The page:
Don’t Bury Consumer Protection

The debate over the bureaucratic location and independence of the Consumer Protection Agency as part of the financial reform bill raises legitimate concerns about the relationship of consumer advocacy to the “safety” and “soundness” of the credit system. Consumers, however, were certainly abused and the existing regulation failed to protect them. Opponents of an independent agency fail to overcome the fact that consumer interests buried within another bureaucracy have been inadequately represented. Given this history, President Obama should continue his post health care assertiveness and not settle for the Senate’s version. He should insist on a truly independent agency.

First, let me reiterate. There is sufficient regulation to protect the consumer. But protection did not occur. Does one really think that the Federal Reserve (where Senator Dodd proposes the agency reside) will suddenly reverse years of neglect and become the prosecutor of bad practices when its primary job is monetary policy and “safety and soundness” of our financial system. Even the Consumer Advisory Council of the Fed favors an independent agency, saying the Fed failed to protect. If not the Fed, what other agency does the Congress have in mind?

Second, the argument that a new independent agency will enlarge the Federal bureaucracy misses an obvious point – namely, each agency from the Department of Urban Affairs to the National Credit Union Administration already has a consumer affairs division. Their personnel number in the thousands. Barney Frank’s proposed legislation calls for consolidation of these bureaucrats into the Consumer Agency.

Third, it is not only Main Street that needs protection. Sophisticated investors cannot penetrate the fog of bank practices. Two banking friends related examples of bizarre banking practices. When changing his bank credit card, one was told that it cost $15 to overnight the card. When he asked why he should pay such a fee when it was in the bank’s interest to get the card to him ASAP, the bank representative immediately waived the charge. A second friend tried to pre-pay a credit balance to stay within his limits. The bank told him it couldn’t be done without talking to a representative and that cost $20. That charge was also immediately waived when the customer complained.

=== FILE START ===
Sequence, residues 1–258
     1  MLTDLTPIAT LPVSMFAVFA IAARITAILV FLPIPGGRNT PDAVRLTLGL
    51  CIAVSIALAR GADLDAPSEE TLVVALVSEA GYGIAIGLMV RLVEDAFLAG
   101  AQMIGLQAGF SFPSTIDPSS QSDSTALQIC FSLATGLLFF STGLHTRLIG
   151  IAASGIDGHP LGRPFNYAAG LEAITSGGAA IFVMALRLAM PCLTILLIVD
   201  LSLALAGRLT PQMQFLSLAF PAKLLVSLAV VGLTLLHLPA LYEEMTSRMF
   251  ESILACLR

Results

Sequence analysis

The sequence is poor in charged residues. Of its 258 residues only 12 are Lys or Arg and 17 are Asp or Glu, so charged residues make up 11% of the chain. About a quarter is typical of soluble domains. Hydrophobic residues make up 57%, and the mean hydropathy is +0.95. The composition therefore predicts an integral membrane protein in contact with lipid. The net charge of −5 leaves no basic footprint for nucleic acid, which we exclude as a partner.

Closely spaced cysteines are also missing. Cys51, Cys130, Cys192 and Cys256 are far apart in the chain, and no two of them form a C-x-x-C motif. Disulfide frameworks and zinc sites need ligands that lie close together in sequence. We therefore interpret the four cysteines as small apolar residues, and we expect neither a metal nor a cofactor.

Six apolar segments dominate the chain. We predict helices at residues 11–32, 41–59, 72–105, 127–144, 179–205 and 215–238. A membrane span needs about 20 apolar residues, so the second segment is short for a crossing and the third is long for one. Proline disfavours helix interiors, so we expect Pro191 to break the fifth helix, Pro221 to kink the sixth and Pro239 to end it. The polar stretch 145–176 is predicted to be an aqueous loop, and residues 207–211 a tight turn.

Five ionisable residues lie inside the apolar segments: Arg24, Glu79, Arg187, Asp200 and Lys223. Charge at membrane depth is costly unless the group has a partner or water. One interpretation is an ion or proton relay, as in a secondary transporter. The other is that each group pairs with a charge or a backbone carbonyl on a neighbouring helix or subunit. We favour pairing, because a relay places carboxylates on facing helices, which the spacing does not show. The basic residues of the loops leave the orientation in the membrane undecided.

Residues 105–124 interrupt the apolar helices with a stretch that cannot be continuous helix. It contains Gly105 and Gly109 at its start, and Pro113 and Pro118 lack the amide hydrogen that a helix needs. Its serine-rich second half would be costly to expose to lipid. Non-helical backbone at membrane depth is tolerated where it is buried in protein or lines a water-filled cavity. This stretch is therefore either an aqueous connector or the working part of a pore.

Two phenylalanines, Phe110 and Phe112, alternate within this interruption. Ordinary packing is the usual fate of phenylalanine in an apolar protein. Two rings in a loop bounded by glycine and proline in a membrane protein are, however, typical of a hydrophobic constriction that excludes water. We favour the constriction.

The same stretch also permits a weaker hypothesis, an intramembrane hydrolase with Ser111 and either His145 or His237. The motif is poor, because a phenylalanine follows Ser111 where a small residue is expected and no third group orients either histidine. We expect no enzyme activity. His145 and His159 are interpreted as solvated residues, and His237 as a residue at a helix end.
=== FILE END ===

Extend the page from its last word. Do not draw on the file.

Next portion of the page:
These are examples from sophisticated investors. Think now of the Main Street consumers who can’t understand a word on their credit agreement. This week I lunched with a dean of securities law and he reiterated the common complaint of the inability of even a skilled attorney to understand the gobbledygook of today’s bank credit agreement.

Why, then, has this argument generated so much heat and become a pivotal partisan issue? There is a valid argument that the agency must have some regard for the issues of “safety” and “soundness”. There is a fear that rules promulgated by an independent agency will force financial intermediaries to issue credit cards or mortgages to credit unworthy people or take actions to undermine the financial system. It is hard to argue that a new independent agency will function any worse; or, in fact, do more harm to the credit system than the financial industry has already done to itself and the Country.

Fourth, the advocates of an independent Consumer Agency scare the financial industry in the same way Ralph Nader scared the consumer products establishment. I understand this point. Characterizing the argument as a fight between “families” and “banks” is class warfare and adds little beyond hysteria to the cause. Change, regrettably, requires some level of hysteria but the President’s good judgment in advocating the agency will be reinforced by supporting a dedicated intelligent regulator and not, inevitably, the loudest voice proponent.

Finally, safeguards can be put in place. “Safety” and “soundness” are important concepts. The regulations issued by the Agency should be subject to review by the Fed with the Fed having a limited time to object to them. The oversight of the Agency might include members of the FDIC, Fed, insurance regulators and other regulators which are responsible for oversight over the financial system. A process requiring public hearings on significant proposals could be required.

It is time to get financial reform done. More jabber is a loser for both parties. Republicans look like they are cow-towing to financial lobbyists. On the other hand, Senator Dodd and the Administration look indecisive. Barney Frank and the House look smarter. The financial system is lapsing into its pre-Lehman crisis mode. Financial reform and, with it, an independent Consumer Agency are needed and now.

Peter J. Solomon is Founder and Chairman of Peter J. Solomon Company, L.P., an investment banking firm. He was Counselor to the Secretary of the Treasury under President Jimmy Carter, Deputy Mayor for Economic Policy and Development under Mayor Edward I. Koch and Vice Chairman of Lehman Brothers in the 1980s.